- be wary of cold-calling or emails that crop up out of the blue (without you having signed up for anything);
- hold a high level of suspicion for anything telling you that it’s a “quick” opportunity or “high yielding”/”high income” opportunity;
- don’t part with ANY money unless you know what it’s about;
- reach out to other people to see what they think – you can always ask in my facebook group;
- if you feel pressurised, intimidated or made to feel stupid for asking questions, don’t get involved.
What To Do After A Scam Has Happened
Please please get support if you need it. You can access victim support online and they can help by putting you in touch with your local branch.
Reach out to your family and supportive friends, but avoid the ones who are likely to give you a “I told you so” lecture – you don’t need that. By all means come into our friendly facebook group to vent – we’ll support you through it and definitely do not judge.
If your mental health has taken a hit from this, speak to your GP for help. You may need to have counselling and your GP can definitely set something up. There is no shame in reaching out if you’re struggling.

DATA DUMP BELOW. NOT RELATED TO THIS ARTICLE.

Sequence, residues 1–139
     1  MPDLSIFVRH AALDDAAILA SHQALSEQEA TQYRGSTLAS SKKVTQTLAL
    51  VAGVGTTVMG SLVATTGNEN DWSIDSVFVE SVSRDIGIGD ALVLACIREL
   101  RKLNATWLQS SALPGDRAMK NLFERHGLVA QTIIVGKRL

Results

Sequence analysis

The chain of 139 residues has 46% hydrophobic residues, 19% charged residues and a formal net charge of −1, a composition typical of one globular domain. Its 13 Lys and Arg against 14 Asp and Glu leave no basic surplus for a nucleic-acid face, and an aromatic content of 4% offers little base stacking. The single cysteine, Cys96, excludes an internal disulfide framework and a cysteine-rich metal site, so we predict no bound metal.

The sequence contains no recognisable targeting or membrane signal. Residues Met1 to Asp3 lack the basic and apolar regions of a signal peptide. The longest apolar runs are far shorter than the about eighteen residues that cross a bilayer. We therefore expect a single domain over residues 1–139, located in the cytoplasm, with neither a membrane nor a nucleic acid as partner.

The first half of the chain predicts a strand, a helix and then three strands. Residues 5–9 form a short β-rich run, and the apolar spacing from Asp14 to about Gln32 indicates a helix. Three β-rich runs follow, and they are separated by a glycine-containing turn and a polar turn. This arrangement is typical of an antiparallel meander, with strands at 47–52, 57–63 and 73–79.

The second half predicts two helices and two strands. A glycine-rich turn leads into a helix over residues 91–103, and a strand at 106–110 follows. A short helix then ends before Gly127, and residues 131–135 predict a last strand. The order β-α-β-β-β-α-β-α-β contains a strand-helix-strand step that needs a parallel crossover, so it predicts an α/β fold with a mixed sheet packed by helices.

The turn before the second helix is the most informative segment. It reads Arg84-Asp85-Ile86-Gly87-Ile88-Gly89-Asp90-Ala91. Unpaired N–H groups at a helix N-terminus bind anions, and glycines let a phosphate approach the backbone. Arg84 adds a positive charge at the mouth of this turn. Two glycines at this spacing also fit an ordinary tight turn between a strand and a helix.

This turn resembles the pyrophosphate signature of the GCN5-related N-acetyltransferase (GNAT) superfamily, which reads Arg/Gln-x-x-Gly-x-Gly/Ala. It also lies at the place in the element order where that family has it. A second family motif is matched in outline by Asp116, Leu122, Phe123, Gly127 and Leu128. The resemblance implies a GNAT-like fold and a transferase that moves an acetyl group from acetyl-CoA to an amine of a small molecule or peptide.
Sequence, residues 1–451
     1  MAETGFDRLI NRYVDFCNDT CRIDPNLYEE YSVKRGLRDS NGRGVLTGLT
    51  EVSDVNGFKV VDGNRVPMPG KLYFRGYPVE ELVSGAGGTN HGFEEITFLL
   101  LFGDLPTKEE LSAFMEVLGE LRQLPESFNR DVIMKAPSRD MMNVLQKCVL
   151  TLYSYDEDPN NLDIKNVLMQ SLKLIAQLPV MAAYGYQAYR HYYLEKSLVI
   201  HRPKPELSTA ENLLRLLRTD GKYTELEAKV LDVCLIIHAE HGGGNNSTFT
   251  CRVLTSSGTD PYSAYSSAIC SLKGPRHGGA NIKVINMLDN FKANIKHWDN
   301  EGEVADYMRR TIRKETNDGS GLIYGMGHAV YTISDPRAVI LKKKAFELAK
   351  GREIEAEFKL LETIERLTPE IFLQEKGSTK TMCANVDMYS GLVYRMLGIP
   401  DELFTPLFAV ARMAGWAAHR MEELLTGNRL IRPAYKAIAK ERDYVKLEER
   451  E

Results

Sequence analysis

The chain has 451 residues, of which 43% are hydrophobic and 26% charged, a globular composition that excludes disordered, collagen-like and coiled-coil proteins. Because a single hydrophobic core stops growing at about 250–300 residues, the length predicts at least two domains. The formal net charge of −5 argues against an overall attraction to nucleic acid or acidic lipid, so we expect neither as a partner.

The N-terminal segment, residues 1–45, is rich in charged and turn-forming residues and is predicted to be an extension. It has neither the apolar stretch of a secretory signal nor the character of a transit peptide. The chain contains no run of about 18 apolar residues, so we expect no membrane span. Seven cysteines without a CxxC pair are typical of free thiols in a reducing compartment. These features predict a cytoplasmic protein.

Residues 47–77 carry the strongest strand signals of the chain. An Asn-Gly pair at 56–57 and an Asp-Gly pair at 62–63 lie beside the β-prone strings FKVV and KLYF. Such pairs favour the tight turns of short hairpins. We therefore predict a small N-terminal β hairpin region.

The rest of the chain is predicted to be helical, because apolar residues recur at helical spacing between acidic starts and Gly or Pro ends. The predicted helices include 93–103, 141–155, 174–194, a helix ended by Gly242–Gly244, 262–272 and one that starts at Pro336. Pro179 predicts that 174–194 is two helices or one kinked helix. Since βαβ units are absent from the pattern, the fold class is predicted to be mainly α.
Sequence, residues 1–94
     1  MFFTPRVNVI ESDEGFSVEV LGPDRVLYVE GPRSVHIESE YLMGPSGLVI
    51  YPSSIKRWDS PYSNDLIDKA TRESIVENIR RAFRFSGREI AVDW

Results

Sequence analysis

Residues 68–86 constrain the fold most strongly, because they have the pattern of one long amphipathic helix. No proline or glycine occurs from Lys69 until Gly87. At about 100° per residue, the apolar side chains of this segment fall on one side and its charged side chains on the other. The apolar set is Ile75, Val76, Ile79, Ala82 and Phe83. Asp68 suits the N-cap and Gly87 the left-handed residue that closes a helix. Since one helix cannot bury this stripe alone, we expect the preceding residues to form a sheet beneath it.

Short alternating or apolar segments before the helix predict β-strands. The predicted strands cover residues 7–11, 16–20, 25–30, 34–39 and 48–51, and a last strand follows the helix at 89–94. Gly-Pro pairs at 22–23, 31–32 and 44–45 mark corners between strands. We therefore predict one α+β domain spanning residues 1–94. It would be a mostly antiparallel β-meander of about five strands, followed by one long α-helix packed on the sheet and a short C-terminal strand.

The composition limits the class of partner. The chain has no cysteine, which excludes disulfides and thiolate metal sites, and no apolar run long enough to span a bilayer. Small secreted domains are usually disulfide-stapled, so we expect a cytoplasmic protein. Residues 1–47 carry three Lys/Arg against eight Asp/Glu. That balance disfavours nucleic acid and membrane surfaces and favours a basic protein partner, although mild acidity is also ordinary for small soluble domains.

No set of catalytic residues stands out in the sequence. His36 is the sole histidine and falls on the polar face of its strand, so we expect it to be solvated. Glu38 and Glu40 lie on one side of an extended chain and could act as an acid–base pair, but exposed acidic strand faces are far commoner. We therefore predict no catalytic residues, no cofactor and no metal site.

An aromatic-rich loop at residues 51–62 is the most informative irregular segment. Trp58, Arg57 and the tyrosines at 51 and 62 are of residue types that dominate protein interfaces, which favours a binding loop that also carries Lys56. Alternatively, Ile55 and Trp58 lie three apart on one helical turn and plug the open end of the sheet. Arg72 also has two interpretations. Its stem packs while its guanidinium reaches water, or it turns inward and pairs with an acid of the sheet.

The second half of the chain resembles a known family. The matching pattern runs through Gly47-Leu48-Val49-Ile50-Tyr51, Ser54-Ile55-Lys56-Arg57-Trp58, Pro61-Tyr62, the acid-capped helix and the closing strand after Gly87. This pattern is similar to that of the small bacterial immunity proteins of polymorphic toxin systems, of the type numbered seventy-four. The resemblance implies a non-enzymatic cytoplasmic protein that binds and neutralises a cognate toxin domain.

The samaritans may also be of help to you if you just need to talk to someone.
Investing is truly an amazing and exciting thing to be involved in. But it is not a get rich quick-type thing! I bought into a property course in the past that with hindsight was promising something that was far too good to be true.
In doing so, I lost money and I have learnt my lesson. I did walk away from it with lots of additional knowledge, and while I wouldn’t necessarily call it a “scam”, it was certainly a misguided idea based on a promise of hope when I was at my most vulnerable.
Investing decisions should not be made with emotion. Learn from someone who has walked the path before and follow the rules to stay on track. And if you’re not sure, walk away.
Stay safe out there!